Today Hillary Clinton delivered a tough and much-needed speech on Internet freedom, indicating that the Obama administration is viewing this as a vital human-rights issue:
“We believe that governments who have erected barriers to internet freedom — whether they’re technical filters or censorship regimes or attacks on those who exercise their rights to expression and assembly online — will eventually find themselves boxed in,” Clinton said.
“They’ll face a dictator’s dilemma, and have to choose between letting the walls fall or paying the price to keep them standing, which means both doubling down on a losing hand by resorting to greater oppression, and enduring the escalating opportunity cost of missing out on the ideas that have been blocked.
The massive role that social-networking sites played in the uprisings in the Arab world has been discussed exhaustively by commentators, but the Obama administration hasn’t done enough to stress the importance of Internet freedom.
This needs to change — especially since online collaboration between the youth demonstrators in Egypt and the ones in Tunisia may have been even more extensive than previously thought, according to a New York Times article yesterday. Not only did the democratic activists swap practical protest tips; they also modeled their ideas on the philosophy of American political thinker Gene Sharp:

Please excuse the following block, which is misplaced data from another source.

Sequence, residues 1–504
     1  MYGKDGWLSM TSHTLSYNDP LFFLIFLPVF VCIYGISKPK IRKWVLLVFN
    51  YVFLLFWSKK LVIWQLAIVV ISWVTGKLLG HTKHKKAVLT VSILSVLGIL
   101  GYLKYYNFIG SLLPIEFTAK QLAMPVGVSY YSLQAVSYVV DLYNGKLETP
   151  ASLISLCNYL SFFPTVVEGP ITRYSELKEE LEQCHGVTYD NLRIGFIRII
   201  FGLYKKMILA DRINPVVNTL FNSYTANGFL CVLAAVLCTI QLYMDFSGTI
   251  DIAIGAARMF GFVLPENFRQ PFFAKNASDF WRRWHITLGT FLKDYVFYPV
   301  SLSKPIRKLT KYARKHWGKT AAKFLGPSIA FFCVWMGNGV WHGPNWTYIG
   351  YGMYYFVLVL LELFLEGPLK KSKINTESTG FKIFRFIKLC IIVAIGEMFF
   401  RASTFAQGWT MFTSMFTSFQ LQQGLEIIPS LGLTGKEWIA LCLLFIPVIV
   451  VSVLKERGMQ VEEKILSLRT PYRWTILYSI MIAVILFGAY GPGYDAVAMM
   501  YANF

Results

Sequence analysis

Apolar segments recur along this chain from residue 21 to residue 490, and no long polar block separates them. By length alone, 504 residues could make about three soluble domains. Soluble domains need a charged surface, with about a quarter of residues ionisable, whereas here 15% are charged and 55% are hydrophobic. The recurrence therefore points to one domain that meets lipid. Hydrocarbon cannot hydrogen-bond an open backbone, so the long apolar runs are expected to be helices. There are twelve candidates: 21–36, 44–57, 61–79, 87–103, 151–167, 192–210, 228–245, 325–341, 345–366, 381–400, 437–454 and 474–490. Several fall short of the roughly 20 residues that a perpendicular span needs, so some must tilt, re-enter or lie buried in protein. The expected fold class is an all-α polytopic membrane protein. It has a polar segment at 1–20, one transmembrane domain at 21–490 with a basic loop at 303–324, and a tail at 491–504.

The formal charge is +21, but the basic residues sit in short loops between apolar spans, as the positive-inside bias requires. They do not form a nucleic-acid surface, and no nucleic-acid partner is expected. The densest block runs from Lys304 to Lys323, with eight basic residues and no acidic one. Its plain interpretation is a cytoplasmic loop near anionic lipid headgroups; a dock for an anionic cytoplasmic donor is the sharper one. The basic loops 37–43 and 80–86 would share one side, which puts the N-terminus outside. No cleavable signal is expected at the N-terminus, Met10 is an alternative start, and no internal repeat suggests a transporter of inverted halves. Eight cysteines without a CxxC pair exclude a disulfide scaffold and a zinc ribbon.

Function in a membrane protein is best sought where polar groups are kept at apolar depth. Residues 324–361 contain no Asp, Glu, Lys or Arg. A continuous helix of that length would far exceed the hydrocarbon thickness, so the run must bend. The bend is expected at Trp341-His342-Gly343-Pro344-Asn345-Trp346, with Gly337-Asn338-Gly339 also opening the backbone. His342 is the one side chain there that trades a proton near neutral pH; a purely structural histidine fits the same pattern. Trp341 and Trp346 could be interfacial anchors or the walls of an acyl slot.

The exchange on Facebook was part of a remarkable two-year collaboration that has given birth to a new force in the Arab world — a pan-Arab youth movement dedicated to spreading democracy in a region without it. Young Egyptian and Tunisian activists brainstormed on the use of technology to evade surveillance, commiserated about torture and traded practical tips on how to stand up to rubber bullets and organize barricades. …
Breaking free from older veterans of the Arab political opposition, they relied on tactics of nonviolent resistance channeled from an American scholar through a Serbian youth brigade — but also on marketing tactics borrowed from Silicon Valley.
If the Obama administration is serious about pushing democratic reforms in the Arab world, a push for greater Internet freedom needs to be a priority. Clinton’s speech today is a good sign that the administration may be making it a bigger focus.